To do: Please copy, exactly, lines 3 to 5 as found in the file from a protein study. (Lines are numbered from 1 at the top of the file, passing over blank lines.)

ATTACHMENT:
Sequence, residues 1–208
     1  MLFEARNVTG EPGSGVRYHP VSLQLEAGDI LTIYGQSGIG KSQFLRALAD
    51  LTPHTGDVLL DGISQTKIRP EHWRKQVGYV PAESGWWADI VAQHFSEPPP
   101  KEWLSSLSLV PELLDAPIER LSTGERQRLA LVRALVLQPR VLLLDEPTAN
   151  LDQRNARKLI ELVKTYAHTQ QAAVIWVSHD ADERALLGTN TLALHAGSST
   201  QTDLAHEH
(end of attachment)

    51  LTPHTGDVLL DGISQTKIRP EHWRKQVGYV PAESGWWADI VAQHFSEPPP
   101  KEWLSSLSLV PELLDAPIER LSTGERQRLA LVRALVLQPR VLLLDEPTAN
   151  LDQRNARKLI ELVKTYAHTQ QAAVIWVSHD ADERALLGTN TLALHAGSST